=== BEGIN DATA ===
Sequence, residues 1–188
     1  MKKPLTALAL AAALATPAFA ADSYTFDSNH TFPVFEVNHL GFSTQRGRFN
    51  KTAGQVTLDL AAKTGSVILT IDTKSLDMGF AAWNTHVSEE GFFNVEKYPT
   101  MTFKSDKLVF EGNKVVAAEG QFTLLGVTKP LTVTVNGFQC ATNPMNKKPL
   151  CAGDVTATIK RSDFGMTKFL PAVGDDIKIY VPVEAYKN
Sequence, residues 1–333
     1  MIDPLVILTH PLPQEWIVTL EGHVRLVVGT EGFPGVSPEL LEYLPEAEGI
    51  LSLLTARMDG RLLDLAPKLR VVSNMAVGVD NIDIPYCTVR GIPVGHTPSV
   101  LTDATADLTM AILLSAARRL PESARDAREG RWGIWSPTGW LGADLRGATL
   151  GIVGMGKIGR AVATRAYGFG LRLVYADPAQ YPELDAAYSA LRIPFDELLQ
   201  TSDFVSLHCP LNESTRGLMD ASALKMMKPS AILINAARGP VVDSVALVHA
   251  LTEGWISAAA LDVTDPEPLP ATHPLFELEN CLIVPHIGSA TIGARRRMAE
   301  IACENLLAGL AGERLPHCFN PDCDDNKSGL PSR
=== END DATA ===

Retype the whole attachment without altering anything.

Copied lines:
Sequence, residues 1–188
     1  MKKPLTALAL AAALATPAFA ADSYTFDSNH TFPVFEVNHL GFSTQRGRFN
    51  KTAGQVTLDL AAKTGSVILT IDTKSLDMGF AAWNTHVSEE GFFNVEKYPT
   101  MTFKSDKLVF EGNKVVAAEG QFTLLGVTKP LTVTVNGFQC ATNPMNKKPL
   151  CAGDVTATIK RSDFGMTKFL PAVGDDIKIY VPVEAYKN
Sequence, residues 1–333
     1  MIDPLVILTH PLPQEWIVTL EGHVRLVVGT EGFPGVSPEL LEYLPEAEGI
    51  LSLLTARMDG RLLDLAPKLR VVSNMAVGVD NIDIPYCTVR GIPVGHTPSV
   101  LTDATADLTM AILLSAARRL PESARDAREG RWGIWSPTGW LGADLRGATL
   151  GIVGMGKIGR AVATRAYGFG LRLVYADPAQ YPELDAAYSA LRIPFDELLQ
   201  TSDFVSLHCP LNESTRGLMD ASALKMMKPS AILINAARGP VVDSVALVHA
   251  LTEGWISAAA LDVTDPEPLP ATHPLFELEN CLIVPHIGSA TIGARRRMAE
   301  IACENLLAGL AGERLPHCFN PDCDDNKSGL PSR